Fundación Casa Wabi is an idyllic artist’s retreat by Tadao Ando. In essence, the foundation aims to promote collaboration and social commitment through art. Casa Wabi is located in Mexico’s stunning Pacific Oaxaca coastline.
Casa Wabi by Tadao Ando
I find it absolutely fascinating altogether – the combination of the ocean, art, community driven purpose, lush nature, and marvelous Tadao Ando architecture.– Tijana, the Founder of Zest & Curiosity
The foundation adopts its name from “Wabi-Sabi” – a concept to emphasize the world focusing on the acceptance of the ephemeral and the imperfect.
Renowned Pritzker winning architect Tadao Ando designed Casa Wabi to demonstrate this philosophy. The foundation was designed to create a space conducive to artistic interaction. As a result, Casa Wabi is planned as the place where art residents and the communities of the region come together.
Meditation Room at Casa Wabi
Casa Wabi by Tadao Ando is his signature style adopted by local architecture. When this project started Ando did a cement building trial. Yet he wanted the trial building to have a purpose after. Thus, the outcome was a triangular meditation room with a partial opening to the sky.
Casa Wabi Art Colony by Tadao Ando
I like the freedom of letting the mind and soul go on a journey with a work. I have done well in my career, so I feel an obligation to give back to my country, and to Puerto Escondido, one of the places I love the most. We need to be more connected with the people around us, with all human beings, and with nature.– Bosco Sodi, the Founder, Casa Wabi Foundation
The building provides a home for the Casa Wabi Foundation. It’s an arts charity established by Mexican artist Bosco Sodi and directed by Patricia Martin. In fact, she is best known as the curator of Latin America’s largest private art collection.
In order to contrast the clean lines of concrete walls, the roof is covered with layers of dried Royal Palm tree leaves. Palm leaves are commonly used in the region. They provide shelter while also allowing natural ventilation.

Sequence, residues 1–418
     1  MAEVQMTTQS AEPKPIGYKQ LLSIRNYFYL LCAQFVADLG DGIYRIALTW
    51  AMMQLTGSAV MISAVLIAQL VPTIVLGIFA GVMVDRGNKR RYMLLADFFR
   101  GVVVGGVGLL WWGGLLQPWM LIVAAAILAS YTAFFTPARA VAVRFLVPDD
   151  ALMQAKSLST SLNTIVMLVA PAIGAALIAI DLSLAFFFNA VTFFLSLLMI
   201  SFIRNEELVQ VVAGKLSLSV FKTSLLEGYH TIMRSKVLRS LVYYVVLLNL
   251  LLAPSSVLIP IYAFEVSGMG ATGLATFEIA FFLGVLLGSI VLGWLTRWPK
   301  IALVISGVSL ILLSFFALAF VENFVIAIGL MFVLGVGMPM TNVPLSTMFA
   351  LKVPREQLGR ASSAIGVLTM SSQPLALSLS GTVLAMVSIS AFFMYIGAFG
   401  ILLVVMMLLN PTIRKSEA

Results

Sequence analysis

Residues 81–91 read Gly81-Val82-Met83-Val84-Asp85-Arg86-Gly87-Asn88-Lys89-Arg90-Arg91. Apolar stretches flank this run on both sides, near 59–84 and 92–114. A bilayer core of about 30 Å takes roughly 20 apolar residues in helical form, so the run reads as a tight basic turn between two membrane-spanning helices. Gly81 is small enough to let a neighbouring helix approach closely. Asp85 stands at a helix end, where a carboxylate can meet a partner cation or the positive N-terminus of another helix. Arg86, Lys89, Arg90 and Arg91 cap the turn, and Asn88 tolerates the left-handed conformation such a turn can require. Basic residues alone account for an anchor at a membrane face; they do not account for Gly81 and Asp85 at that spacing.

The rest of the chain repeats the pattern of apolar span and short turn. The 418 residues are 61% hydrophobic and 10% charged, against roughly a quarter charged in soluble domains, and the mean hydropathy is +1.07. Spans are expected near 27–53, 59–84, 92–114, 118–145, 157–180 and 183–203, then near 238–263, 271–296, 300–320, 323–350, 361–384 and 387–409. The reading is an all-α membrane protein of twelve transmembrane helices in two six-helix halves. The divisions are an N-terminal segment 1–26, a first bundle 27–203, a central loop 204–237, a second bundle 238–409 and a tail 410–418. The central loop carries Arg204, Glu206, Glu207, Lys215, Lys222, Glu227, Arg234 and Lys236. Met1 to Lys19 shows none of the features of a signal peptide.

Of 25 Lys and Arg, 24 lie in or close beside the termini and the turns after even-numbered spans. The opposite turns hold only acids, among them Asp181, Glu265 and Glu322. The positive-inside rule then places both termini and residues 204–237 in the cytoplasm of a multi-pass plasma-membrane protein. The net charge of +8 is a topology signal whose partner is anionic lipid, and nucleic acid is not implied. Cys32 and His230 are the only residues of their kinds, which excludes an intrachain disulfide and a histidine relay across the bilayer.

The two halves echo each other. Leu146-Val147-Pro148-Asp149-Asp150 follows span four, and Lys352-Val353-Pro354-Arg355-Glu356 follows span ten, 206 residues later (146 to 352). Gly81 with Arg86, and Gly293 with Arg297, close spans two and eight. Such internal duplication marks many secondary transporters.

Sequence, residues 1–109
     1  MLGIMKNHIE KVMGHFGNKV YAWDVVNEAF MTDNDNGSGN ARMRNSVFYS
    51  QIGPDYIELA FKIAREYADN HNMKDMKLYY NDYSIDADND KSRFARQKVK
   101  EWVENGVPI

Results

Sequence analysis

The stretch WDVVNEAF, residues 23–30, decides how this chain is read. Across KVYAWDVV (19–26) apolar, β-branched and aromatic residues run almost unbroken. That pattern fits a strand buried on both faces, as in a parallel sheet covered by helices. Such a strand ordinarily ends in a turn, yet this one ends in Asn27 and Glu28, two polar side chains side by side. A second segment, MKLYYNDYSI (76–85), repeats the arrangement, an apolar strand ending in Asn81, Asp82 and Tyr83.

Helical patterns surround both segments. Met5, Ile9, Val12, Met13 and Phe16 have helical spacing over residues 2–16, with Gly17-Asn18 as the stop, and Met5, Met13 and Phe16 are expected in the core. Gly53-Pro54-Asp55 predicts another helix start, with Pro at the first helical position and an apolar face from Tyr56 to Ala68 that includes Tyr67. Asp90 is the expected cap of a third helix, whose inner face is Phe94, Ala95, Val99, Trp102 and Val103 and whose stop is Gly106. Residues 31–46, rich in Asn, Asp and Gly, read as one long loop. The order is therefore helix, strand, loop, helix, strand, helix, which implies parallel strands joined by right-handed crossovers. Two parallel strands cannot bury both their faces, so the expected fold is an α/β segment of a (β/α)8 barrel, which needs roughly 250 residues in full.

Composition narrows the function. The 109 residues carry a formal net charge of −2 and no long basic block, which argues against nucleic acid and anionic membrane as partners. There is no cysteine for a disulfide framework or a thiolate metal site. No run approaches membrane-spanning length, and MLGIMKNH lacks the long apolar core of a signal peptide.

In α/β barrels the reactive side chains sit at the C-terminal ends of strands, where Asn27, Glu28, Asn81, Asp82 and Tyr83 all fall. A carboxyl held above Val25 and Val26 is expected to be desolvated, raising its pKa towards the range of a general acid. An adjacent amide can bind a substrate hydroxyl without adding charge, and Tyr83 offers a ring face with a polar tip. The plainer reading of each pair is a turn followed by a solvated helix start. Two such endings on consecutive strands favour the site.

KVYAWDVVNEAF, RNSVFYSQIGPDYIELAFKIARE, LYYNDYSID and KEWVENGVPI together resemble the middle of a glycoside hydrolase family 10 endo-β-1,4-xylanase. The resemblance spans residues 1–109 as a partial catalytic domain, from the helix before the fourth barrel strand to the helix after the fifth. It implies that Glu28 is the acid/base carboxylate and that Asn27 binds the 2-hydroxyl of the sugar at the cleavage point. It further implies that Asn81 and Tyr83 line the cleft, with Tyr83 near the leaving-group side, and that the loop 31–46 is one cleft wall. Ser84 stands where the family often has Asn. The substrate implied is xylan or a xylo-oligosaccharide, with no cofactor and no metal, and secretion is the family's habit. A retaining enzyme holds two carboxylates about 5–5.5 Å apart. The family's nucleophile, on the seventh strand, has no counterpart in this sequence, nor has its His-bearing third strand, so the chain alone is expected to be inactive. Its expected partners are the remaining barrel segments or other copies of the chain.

Art at Casa Wabi – Tadao Ando
Bosco Sodi Installation
This is a piece of land art by the Mexican artist Bosco Sodi. The monumental structures illustrate and the strength of the human perspective facing nature.
When visitors enter through the clay cubes, the variations of light, the power of the ocean, and the vegetation spring between the bricks are framed dramatically.
Sodi makes each cube with 1,600 handmade bricks. The process uses local clay and ancestral burning methods. In fact, 64 cubes of clay compose the entire installation.
To me, the most important part in the creation of an artwork is the process. The act of researching and experimenting with materials is the most joyful part of the workflow. I still believe in the essence of material and the accidents involved in working with organic material like rocks and other raw materials.– Bosco Sodi, The artist and the Founder of Casa wabi Foundation
Uma Boa Ordem Pavilion
This original Pavillion is the result of the collaboration by artists Lucia Koch and Héctor Zamora. The work was presented for the first time in 2006 during the Sao Paolo Biennale. Artists play with a contrast between porous brick and lush scenery. The result is a stunning open-air installation for visitors to enjoy.
Indoor Exhibition Space of Casa Wabi – Tadao Ando
In brief, Lawrence Weiner is an American conceptual artist. He is one of the key figures in the formation of conceptual art in the 1960s. Weiner’s work often takes the form of typographic texts which in this case he used for Casa Wabi.
Art Residencies at Casa Wabi
Art Residents, local and international, can develop their work through the interaction with other art disciplines and also with the members of the local communities. Their creative production certainly has a noble interest in generating activities or projects meaningful for social benefit and development of the region.
A Word from the Founder, Zest & Curiosity
Edgar and I have been delighted to discover that we are both passionate Tadao Ando fans! I once traveled to Japan just to see Ando’s masterful building – Church of the Light. It’s minimalistic, yet poignant design impacted me profoundly. I was so excited to see Ando’s architecture next to the spectacular Oaxaca coastline through Edgar’s aerial photography.
Also, I loved the purpose of the Casa Wabi Foundation to foster artistic collaboration and creativity in such a beautiful setting. Of course, I added this location to my bucket list.
For more of amazing aerial videography by Edgar Gonz, from VOL.VER estudio, check the company’s Instagram.
Dear reader, enjoy the iconic architecture by Tadao Ando. And above all, in the important work of the Casa Wabi Foundation.
Editor-in-Chief and Creative Director
Zest & Curiosity